Garry Kasparov has regular interactions with U.S. chess players, especially juniors, but this bit of conjecture/rumor-mongering by Russian Chess Federation President Leonid Filatov seems based on a misunderstanding of Kasparov's activities in the U.S. Or, perhaps, he's just stirring the pot for some reason. If it turns out to be true, though, I for one would be quite happy about it.
Entries in Garry Kasparov (55)
This was a very exciting event, and there were many games worth discussing. For now, however, the bare results and some brief impressions. Hikaru Nakamura had a strong second day and won with a score of 11/18, a point ahead of Wesley So and a point and a half ahead of Garry Kasparov. All three finished with plus scores, and since it was a four player tournament it meant that the remaining player served as the piñata. On this occasion it fell to Fabiano Caruana, the new U.S. Champion and world #2 player to fill that role. His play on day two was completely unsuccessful, and he wound up with just 5.5/18.
Nakamura's victory was the product of doggedness on day 1, hanging in there while he wasn't playing well, and on day two he got into a good rhythm and was the dominant player on the day.
So had his moments, especially against Kasparov, but couldn't keep up with Nakamura's pace on the second day. (That said, if he had beaten him in the final round rather than drawing, they would have gone to a playoff.) So's biggest success came against Kasparov. He lost badly to him in round 1, and was close to losing two more game to him on the first day as well. Sadly for Kasparov, a couple of masterpieces in the making were completely ruined by his blundering a knight (on both occasions) and losing. The highlight of their contests came on day 2, however, in the first game of the day, when So won an absolute blowout. The commentators, and then Kasparov himself found the game reminiscent of Paul Morphy's "Opera Game", and Kasparov remarked that he found himself in the role of the "amateur" in that game.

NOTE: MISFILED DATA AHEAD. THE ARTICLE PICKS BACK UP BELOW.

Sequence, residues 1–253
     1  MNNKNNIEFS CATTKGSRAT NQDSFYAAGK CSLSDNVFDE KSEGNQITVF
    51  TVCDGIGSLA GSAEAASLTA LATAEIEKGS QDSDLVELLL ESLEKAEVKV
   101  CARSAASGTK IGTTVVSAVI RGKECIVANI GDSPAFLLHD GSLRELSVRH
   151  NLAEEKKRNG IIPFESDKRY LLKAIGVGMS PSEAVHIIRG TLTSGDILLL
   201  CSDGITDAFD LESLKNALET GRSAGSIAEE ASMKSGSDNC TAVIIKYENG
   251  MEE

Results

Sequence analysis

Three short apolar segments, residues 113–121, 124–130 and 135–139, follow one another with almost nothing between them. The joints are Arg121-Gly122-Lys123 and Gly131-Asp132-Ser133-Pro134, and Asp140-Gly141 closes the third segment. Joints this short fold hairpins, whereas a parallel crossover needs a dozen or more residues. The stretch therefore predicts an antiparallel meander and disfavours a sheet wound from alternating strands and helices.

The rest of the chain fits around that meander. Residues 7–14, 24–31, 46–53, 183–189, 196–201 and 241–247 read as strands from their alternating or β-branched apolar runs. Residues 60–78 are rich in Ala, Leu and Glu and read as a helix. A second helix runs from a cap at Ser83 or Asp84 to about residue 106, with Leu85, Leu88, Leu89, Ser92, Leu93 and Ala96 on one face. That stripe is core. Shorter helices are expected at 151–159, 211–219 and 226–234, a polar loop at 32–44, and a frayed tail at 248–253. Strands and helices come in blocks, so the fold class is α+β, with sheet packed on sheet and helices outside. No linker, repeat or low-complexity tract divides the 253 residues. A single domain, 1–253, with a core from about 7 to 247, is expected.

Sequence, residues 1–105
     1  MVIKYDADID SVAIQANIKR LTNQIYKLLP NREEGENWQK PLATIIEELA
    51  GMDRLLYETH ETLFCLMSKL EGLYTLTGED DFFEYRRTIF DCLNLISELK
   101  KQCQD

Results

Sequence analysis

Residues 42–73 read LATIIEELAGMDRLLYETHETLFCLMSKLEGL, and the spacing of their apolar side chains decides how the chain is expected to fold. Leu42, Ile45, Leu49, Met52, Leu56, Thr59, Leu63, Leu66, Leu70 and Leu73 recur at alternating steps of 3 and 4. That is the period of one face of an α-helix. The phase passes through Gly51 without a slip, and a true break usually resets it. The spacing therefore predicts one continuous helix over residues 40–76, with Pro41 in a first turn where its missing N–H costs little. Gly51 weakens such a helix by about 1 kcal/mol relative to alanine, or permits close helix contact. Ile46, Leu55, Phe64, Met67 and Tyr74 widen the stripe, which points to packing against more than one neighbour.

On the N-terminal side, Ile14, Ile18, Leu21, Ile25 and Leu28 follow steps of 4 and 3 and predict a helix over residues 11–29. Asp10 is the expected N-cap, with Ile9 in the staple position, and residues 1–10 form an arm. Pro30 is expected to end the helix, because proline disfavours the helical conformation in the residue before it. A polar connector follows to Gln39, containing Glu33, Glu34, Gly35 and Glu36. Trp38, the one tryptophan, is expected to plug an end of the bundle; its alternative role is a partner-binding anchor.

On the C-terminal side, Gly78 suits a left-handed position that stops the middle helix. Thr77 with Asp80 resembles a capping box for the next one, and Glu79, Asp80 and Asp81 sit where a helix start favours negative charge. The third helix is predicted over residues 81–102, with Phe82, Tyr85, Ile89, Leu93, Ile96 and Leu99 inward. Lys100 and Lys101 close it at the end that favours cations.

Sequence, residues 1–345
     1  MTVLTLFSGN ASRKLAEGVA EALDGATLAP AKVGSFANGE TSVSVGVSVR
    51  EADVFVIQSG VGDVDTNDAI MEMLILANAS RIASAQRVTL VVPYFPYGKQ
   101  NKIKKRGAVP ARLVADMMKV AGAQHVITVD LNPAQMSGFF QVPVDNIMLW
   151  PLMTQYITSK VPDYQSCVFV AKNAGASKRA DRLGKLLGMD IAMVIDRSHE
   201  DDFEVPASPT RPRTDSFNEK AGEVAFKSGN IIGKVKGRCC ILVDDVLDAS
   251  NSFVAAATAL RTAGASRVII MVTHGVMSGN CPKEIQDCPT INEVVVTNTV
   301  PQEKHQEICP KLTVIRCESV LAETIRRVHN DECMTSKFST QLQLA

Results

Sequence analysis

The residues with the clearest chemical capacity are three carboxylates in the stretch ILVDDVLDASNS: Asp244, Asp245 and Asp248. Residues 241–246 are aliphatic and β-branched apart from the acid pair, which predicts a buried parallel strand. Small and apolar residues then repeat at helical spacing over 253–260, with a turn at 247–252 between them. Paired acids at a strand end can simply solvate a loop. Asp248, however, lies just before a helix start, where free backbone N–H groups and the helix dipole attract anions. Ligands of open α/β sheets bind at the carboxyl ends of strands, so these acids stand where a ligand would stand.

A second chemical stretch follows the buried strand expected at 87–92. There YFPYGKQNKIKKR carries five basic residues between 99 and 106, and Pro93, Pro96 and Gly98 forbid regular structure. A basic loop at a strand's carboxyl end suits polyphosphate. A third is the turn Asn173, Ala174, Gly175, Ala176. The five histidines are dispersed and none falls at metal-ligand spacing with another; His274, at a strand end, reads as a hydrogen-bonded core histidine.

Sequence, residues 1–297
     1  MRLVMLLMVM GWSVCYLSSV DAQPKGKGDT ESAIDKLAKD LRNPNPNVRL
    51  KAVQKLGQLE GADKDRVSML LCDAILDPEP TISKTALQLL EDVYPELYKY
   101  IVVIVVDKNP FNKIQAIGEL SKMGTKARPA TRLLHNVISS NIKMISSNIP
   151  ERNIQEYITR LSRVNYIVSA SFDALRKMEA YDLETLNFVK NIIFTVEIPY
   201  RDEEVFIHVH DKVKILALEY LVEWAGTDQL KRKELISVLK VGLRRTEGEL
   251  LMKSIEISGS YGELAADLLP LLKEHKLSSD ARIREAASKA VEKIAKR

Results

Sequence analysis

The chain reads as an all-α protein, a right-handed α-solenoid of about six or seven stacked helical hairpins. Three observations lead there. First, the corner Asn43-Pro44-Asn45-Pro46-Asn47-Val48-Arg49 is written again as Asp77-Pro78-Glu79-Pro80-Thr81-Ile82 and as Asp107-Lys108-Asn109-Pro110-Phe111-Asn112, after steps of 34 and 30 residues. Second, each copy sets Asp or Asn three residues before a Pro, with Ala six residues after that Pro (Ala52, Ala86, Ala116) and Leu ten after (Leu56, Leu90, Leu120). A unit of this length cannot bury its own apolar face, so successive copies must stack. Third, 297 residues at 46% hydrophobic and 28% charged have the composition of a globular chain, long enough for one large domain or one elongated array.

Kasparov came close, and on the first day he could and should have scored far more heavily than he did. He repeatedly achieved the sorts of positions he wanted, and displayed not only good preparation but tremendous and energetic play in the middlegame. Only his rust and several outright blunders left him in third at the end of day 1, though only half a point behind Nakamura and So. On day two he was the one having to scramble to stay alive, and he did a remarkable job of saving some terrible positions against Nakamura in particular. Still, he finished strongly with wins over Nakamura and Caruana in the last two rounds (the latter game was especially nice), and his day 2 score was half a point better than what he achieved on day 1. Surprisingly - and impressively - Kasparov won his mini-matches with Caruana and Nakamura, but suffered badly against So.
Finally, for Caruana just about everything went wrong starting with round 7 on the first day. After that, his main highlight was a nice victory over Kasparov on the black side of a Scotch in the penultimate cycle (in round 15). For him, it will be an event to forget, except for the privilege of being able to say that he played Kasparov in a public event on even terms.
Reminder: St. Louis Blitz Event With Caruana, Nakamura, So, and Kasparov Starts in About Five Minutes
That's just before 1 p.m. local time in St. Louis, 2 p.m. ET in the U.S. The event will take place over two days, a double round-robin between the top three finishers in the U.S. Championship - Fabiano Caruana, Hikaru Nakamura, and Wesley So - and Garry Kasparov. The games will be broadcast on all the usual websites (official site here), and I'll get in a quick prediction that Caruana will win, Nakamura will come in second, and Kasparov will take the bronze. (My hedge is that the top two might switch places, but I'm going to stick to Kasparov in third.)
At 1 p.m. local time in St. Louis (= 2 p.m. ET) the U.S. Championships get underway in St. Louis. Both the Championship and the Women's event are 12 player round robins finishing April 25 - April 26 in case of a playoff, and don't forget that after the event, on the 28th and 29th, there will be a blitz event that might include the big three (Fabiano Caruana, Hikaru Nakamura, and Wesley So) and definitely includes none other than Garry Kasparov. (I hope for his sake he has been training hard.)